In response to Jorn's post to the egroups weblogs mailing list
On Mon, 6 Dec 1999, Jorn Barger wrote: > An average machine upgrade already includes a 4+ gig drive, I believe, > so adding a gig of storage a year at this point is trivial. And it will > soon be economical to harvest not just the links from weblog archives, > but dowload the full articles themselves... if you were going to cache > your favorite five gigs of the Web, what all would you go for?
The reason I don't let "wget" (or Trudger or what-have-you) loose on more sites is that I don't know what to do with 'em when I've got 'em; how to predict what'll be useful or nostalgic in a few years. Heck, I'm having trouble figuring out to do with the megabyte of text describing the sites I've run into over almost two years that I thought were noteworthy.
To go back to that old standby, hardcopy, I've got the results of (it turns out) two decades of information accumulation in my chosen vocation. I've shelves with years of "Computer Language" and "Dr. Dobb's Journal", and a few file cabinets with articles clipped and filed by subject from old Apple magazines.
And probably over 100 shelf feet of books.
A random folder pull yields articles on Conway's "Life" from the December 1978 and July 1981 issues of "Byte" magazine (I was 10 and 13, respectively). Another yields a copy of Raima's db_FILE software that I bought back in 1989.
I live in California, the space to store all this stuff costs me. And this is just the stuff that's made the cut of numerous moves and purges, I no longer have the KIM-1 manuals, or the first 5 years of "AI" magazine or 3 of "Wired", or 99% of the SciFi novels that have graced my shelves over the years.
There was a time, when my collection was smaller, when I knew where to look for stuff. I could go back through the archives occasionally, reacquaint myself with what was where so that when I thought about finding data my library was the first thing that came to mind.
That's no longer the case.
I don't know what the hell I'd do with a half a gig a year of browser cache until I develop some tools to do better with it than the search engines are currently doing with the 'net in general.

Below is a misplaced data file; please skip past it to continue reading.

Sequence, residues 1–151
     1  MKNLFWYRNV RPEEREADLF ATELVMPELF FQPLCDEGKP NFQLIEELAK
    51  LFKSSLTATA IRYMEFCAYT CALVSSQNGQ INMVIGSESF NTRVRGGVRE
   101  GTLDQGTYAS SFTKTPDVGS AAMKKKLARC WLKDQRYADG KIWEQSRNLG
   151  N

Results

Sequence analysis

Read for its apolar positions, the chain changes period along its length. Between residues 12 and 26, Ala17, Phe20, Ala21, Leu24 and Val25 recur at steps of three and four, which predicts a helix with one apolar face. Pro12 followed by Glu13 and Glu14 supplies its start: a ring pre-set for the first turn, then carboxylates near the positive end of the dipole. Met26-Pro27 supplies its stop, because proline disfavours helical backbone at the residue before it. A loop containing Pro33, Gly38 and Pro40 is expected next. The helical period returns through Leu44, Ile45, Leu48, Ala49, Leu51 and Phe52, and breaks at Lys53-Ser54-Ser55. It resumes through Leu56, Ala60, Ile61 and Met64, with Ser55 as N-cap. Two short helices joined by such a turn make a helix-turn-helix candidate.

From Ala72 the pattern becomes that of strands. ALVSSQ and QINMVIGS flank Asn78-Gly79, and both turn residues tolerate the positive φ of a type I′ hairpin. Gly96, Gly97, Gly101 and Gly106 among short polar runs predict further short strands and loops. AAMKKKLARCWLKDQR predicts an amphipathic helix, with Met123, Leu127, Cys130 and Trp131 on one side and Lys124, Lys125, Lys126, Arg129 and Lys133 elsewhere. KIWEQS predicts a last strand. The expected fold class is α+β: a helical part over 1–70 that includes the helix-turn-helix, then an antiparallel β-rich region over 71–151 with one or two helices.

I've got a lot more lessons to learn from the data that I culled through this weekend, but I see a few things gelling:
It's not that I seek the non-linear in experiencing text, it's that I seek the non-linear in writing it. Far more interesting than a month of notes is a slice through years: All the articles that have come from one site, all the articles on gender identities, or all the articles and rants on web design. The selection and classification process is going to involve a mix of tools and a lot of human judgement, but if I can find a way to put more of that classification in *inadvertantly* on the front end I'll be better off.
That inadvertant part is important. Two years ago I didn't sit down to say "I'm gonna build an index to the cool parts of the web", today I'm looking at it and saying "Hey, I've got a hell of a start on some indexing and search data that may be useful", and I've done it largely by just having a tool grab and archive the notes I was sending to friends.
But the other thing that leaps out at me is how many of those links I don't miss. Many of them were superceded by better information, better writing. Jokes that were funny the first time around were funny the first time around. It's not like I have to keep anything because there'll always be a better take coming down the pike.
Tools that learn from me are important. Russ Alberry was prescient in his rant about the death of Usenet, it is going to be just a bunch of machines talking to each other, but if we embrace that and tune our tools that might not be a bad thing. Everyone should have a personal search engine that knows their browsing history and learns from their notes, but doesn't stop there.
But I've got no clear answers yet. I've got just over 2000 entries culled from the probably half again of that, and 137 rants and who knows how many additional e-mail messages (my sent-mail spool for the past year is 6.5 meg), that I need to build some odd-angled indices for and chop in various different ways to get a feel for what's there in the hopes that I can find some patterns.
Sorry if this isn't all that coherent, I configured a server for a new company today, a few hours heads down in BIND and Apache and the minutiae of package management and builds on machines with limited resources and Unix administration does nothing for my lucidity.
(Once again being hit by the irony of the concept of alt.sysadmin.recovery...)
Monday, December 6th, 1999 email@example.com